Norovirus is highly contagious and once infections start to occur they are difficult to contain. Knowing the causes and risk factors associated with the virus can help you decrease your chances of contracting this infection. Norovirus accounts for approximately approximately 50% of gastroenteritis cases in the US. One of the reasons this virus is so easily transmitted is due to its resistance to disinfectants.
Common symptoms in people who are infected with the Norovirus are vomiting and diarrhea. If airborne particles manage to contaminate food or drink and the items are ingested, this will likely cause an infection. People who contract the virus tend to be contagious in the 24 to 48 hours before they show symptoms and during the 24 to 48 hours when they are symptomatic.
Unfortunately, the possibility of infection does not stop just because the symptoms have stopped. The virus may continue to spread long after your symptoms cease. Norovirus may be active for weeks in the infected person's stool. To further complicate matters, the virus is known to survive in the environment for as long as two to four weeks. This relatively long incubation period allows the virus to spread quickly, especially when people are in close quarters.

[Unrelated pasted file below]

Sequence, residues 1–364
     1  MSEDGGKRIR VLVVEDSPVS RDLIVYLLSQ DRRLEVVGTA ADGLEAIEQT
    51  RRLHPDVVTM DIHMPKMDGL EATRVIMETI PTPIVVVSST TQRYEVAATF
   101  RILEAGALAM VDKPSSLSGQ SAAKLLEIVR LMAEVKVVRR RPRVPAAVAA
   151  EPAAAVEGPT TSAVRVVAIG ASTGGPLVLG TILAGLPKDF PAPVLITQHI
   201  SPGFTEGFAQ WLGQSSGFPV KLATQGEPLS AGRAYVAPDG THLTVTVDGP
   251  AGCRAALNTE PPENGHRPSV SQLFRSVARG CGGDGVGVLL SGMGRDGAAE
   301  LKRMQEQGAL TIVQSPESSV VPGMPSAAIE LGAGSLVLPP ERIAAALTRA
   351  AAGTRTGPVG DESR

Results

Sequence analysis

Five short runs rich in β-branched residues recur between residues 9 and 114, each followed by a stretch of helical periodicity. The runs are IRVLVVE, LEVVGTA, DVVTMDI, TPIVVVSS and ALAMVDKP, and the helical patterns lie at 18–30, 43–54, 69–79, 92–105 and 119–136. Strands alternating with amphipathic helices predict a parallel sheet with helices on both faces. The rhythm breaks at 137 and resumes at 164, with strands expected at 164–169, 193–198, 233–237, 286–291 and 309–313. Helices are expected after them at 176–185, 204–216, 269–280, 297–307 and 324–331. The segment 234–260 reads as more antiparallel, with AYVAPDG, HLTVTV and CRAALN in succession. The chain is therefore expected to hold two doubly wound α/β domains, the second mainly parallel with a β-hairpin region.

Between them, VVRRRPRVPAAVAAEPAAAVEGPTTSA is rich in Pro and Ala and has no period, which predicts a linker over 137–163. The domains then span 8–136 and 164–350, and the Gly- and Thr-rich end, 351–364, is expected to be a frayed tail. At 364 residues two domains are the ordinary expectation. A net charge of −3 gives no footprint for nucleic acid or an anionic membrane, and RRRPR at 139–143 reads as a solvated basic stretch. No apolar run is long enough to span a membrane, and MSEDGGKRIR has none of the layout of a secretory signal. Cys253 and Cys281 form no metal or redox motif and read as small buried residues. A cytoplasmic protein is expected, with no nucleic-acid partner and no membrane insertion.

Being aware of Norovirus risk factors can help you decrease your chances of contracting the infection. One risk factor involves being with a crowd of people who are contained to a relatively small area. Recent Norovirus outbreaks have included hospitals, nursing homes, and cruise ships. If you are in these types of situations being more diligent about things such as hand washing may help to prevent you from contracting the virus.
Other risk factors include having a depressed immune system (for example people living with AIDS) and/or ingesting food or drink that has been improperly handled. In addition, being in an area that has not been routinely cleaned may allow the virus to linger long enough to be transmitted to you. Infants, young children, and the elderly may be especially susceptible to becoming infected. Lastly, using an item that an infected person has used, without cleaning it properly, may lead to an infection. These items would include things like dishes, glasses, and silverware.
While Norovirus infection is common, contracting the virus does not help strengthen your immunity against it. Constant vigilance and an awareness of causes and risk factors associated with the infection are important to helping you to avoid a Norovirus infection in the future.